"Death proceeds from about a third of these may not reach a cohabiting partner, but it is hard to identify which these are."
A recent Swiss Re report highlighted that couples cohabiting but not married with single life policies might think that their life cover claim will go to their ‘common law spouse’ in the event of their demise. In practice, any claimed funds are likely to be directed to next of kin. This could impact around 400,000 applicants a year.
MorganAsh notes that another challenge is where consumers have changed employment or liability circumstances then cover may no longer be in tune with the risk.
These are known potential harms and systemic challenges for protection insurance. Under the Consumer Duty, insurers and advisers have a responsibility to minimise causing systemic potential harms. Where advisers are undertaking periodic reviews then these issues are likely to be resolved. However, for the vast majority of these old cases, there is no known adviser and hence the responsibility falls to the insurer.
Fortunately, many of the above issues can be addressed with the collection of vulnerability data as part of Consumer Duty implementations. While some firms are relying on individual assessments of vulnerability and just recording if a consumer is vulnerable or not, other firms are now moving to collate detailed data on the consumer characteristics and using technology like the MorganAsh MARS system to do this.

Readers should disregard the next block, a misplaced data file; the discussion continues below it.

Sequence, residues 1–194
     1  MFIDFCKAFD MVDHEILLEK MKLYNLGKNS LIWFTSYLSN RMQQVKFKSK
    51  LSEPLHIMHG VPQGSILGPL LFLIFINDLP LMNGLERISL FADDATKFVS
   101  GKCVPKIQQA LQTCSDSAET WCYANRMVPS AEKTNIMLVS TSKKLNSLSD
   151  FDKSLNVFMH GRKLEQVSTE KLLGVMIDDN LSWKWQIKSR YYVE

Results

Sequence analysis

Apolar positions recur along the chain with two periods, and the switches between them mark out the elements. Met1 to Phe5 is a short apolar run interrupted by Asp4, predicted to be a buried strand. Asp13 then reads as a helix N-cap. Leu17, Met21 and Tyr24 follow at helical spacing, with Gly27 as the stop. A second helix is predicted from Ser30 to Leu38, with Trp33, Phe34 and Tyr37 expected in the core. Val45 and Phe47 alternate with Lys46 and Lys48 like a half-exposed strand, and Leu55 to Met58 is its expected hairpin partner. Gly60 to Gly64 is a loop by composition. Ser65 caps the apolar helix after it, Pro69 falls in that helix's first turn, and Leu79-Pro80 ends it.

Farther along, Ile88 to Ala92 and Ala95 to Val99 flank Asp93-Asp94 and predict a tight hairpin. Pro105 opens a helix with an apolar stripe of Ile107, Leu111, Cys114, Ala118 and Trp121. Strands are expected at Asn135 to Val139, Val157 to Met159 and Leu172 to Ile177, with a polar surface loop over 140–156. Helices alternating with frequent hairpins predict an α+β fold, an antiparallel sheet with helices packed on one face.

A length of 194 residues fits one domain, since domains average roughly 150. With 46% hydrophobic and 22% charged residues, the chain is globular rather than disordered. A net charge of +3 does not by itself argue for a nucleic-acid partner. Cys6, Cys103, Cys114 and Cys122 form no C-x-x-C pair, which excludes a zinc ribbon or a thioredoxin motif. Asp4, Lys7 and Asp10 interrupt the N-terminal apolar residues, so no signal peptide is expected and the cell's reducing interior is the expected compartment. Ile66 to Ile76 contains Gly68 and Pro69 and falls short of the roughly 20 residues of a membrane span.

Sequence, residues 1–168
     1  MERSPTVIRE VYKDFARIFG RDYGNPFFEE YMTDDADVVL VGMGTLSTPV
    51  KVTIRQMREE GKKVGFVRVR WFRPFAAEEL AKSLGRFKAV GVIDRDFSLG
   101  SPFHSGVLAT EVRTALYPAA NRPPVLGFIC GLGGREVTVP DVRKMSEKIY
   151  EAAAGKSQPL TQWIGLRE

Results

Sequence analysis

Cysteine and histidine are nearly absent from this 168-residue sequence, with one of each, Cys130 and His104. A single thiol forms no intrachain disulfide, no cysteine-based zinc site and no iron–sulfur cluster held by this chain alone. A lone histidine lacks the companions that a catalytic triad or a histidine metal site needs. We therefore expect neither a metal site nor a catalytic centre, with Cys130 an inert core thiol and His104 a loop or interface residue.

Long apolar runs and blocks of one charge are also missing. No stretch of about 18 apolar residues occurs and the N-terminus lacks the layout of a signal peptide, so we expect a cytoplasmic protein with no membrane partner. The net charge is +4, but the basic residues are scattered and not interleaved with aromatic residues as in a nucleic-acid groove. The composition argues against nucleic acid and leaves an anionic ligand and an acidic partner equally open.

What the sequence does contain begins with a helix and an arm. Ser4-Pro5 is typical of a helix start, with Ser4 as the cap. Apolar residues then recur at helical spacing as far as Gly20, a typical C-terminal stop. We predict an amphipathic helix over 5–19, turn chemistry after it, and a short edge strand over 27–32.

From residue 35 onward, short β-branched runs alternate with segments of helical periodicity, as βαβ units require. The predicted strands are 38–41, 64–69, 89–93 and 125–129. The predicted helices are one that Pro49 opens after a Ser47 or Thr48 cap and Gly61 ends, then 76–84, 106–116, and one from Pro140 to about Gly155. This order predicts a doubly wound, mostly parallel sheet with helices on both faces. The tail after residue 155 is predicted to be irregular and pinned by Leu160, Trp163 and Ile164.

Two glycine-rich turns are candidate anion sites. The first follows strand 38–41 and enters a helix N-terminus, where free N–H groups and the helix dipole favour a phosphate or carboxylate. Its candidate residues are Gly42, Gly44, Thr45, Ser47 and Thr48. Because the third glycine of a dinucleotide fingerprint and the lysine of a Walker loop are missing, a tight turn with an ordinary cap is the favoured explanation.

Typically, these systems are using initial questionnaires completed by consumers or advisers that include an understanding of the consumer's marital status and support network.
There is hence the opportunity to cross match these consumer characteristics with existing product information to identify consumers where there are potential harms.
Some of these new vulnerability systems are also including updates from third party data sets that can highlight changes in employment and marital status on an ongoing basis, enabling these policy checks to be replicated.
Commenting on these findings, Ron Wheatcroft, technical manager at Swiss Re, has said:
“We have highlighted there are over a million new policies a year where no direction of benefits is in place. This means death proceeds from about a third of these may not reach a cohabiting partner, but it is hard to identify which these are. The ability to use the data collected for vulnerability management seems a great opportunity to put in place solid identification of this potential harm.”
Ruth Gilbert, report co-author, noted that:
“While protection specialists will look to take these issues on board for new applications and on reviews, there is still around 50 percent of level term policies sold on a non-advised basis where these issues are mostly not being addressed and all the existing policies that are not being reviewed. There are several options for remediating the harms, from referring to advisers or simply proposing customers nominate a beneficiary by endorsement.”
Andrew Gething, MorganAsh managing director, added:
“We are using technology to upgrade vulnerability assessments from a subjective individual’s opinion to an objective digital record of a consumer’s characteristics. This opens up the opportunity to match the consumer needs to the products we are providing and look to highlight where there can be improvements like trusts, beneficiary nomination and revision of policy amounts.
"Using the MARS technology, we can do this in a highly cost effective way, so we can review the large quantities of existing policies in place as well as assess vulnerability at the point of sale.”